Section 518

Where we endeavor to stay positive about the 2011 Mets…

Will the 2011 Rotation Include Pat Misch?

Posted by JD on November 29, 2010

It’s starting to look like it might (at least to me, anyway). Consider the rotation as it stands today: with Johan Santana recovering from surgery to start the season, Mike Pelfrey, R.A. Dickey, and Jon Niese are the only established major league starters on the roster. In some ways, referring to this group as “established” is being kind: they each have questions to answer in 2011). Pelfrey can be solid (if unspectacular), but has been prone to extended streaks where he struggles to be average. Can he be more consistent next year? R.A. Dickey was a revelation this season, but he’s 36 and the 174 innings he pitched last season were a career high. Can he do it again? 2010 was Jon Niese’s first full season, and he’s struggled with injuries the past two season. Can he stay healthy long enough to contribute?

That being said, those three will anchor the rotation next season. John Maine has most likely played his last game with the team: I expect him to be non-tendered this week. Dillon Gee will be given a chance to win a spot in the rotation in Spring Training, as will Misch and probably Tobi Stoner. Misch is easily the most established (there’s that word again, used even more generously here) of the three, which can’t hurt. Add in Sandy Alderson’s (and Terry Collins’) comments about not wanting to rush prospects to the majors and that’s about it for in-house candidates.

There are, of course, outside candidates. Joe Janish of Mets Today put together a list of signable (read: not Cliff Lee) free agent pitchers last week, focusing on the risk/reward aspect of each. Having just returned from a trip to Atlantic City, I find some of these gambles attractive, particularly Chris Young. I wouldn’t be opposed to signing one of them to a one-year deal and hoping for the best, but I don’t know if it’s possible. I’ve read in many places that the Mets’ off-season budget may be limited to $5 million. If that’s the case, these players may not fit in the Mets’ budget (even accounting for the discount generated by their injury histories). I mean, it could happen, but should the Mets really gamble on a pitcher with a history of injuries when their budget is so limited?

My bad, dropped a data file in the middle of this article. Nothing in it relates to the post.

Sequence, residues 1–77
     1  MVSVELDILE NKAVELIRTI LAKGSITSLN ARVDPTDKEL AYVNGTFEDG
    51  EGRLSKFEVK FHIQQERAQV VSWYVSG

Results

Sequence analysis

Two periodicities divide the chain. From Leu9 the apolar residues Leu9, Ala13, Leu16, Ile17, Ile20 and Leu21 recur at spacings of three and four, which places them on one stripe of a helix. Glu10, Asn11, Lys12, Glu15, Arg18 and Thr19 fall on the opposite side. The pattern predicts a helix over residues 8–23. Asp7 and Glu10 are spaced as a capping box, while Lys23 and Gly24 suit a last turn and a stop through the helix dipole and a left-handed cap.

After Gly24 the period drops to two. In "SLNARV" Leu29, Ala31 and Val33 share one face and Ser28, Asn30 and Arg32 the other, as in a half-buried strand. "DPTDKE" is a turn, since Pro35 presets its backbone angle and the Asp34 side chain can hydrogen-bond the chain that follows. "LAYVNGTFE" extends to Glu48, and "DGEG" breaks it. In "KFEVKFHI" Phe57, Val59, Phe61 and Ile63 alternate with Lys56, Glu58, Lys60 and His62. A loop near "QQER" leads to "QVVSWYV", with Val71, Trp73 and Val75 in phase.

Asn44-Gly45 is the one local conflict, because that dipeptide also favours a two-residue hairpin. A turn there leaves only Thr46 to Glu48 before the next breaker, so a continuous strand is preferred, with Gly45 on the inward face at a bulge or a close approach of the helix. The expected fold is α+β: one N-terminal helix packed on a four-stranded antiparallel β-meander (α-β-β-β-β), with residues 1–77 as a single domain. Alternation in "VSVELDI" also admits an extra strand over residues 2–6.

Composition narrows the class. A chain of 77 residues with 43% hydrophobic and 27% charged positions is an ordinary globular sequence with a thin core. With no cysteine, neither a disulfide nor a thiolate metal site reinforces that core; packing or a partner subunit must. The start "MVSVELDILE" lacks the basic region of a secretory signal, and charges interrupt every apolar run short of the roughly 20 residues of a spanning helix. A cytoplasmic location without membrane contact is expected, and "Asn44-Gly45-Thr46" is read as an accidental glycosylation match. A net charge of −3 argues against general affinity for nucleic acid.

The next few days will see a number of pitchers hit free agency as the December 2nd non-tender deadline approaches. Tim Dierkes of MLB Trade Rumors has put together a list of non-tender candidates. While there are some interesting names for the bullpen, the starting pitchers leave something to be desired. I’ve always liked Brian Bannister and he might benefit from making half his starts at Citi Field, but he’s always struggled with major league hitters and he’s been injury prone recently, too. I wouldn’t have taken a shot at Zach Duke before he was traded to the Diamondbacks, making that moot anyway. Jeff Karstens? Kyle Davies? I guess, at the right price. But it’s debatable whether their better than Misch or not.

Acquiring a starter via a trade is also a possibility. The Mets could possibly trade Jose Reyes or Carlos Beltran (Beltran for Daisuke Matsuzaka might make some sense, I guess). Personally, I remain convinced that the Mets should refrain from trading either of those players until June, at the earliest. Their value is what it once was, but there’s still a reasonable chance that they can recapture most of it: it simply makes no sense to move them now. We’ll see.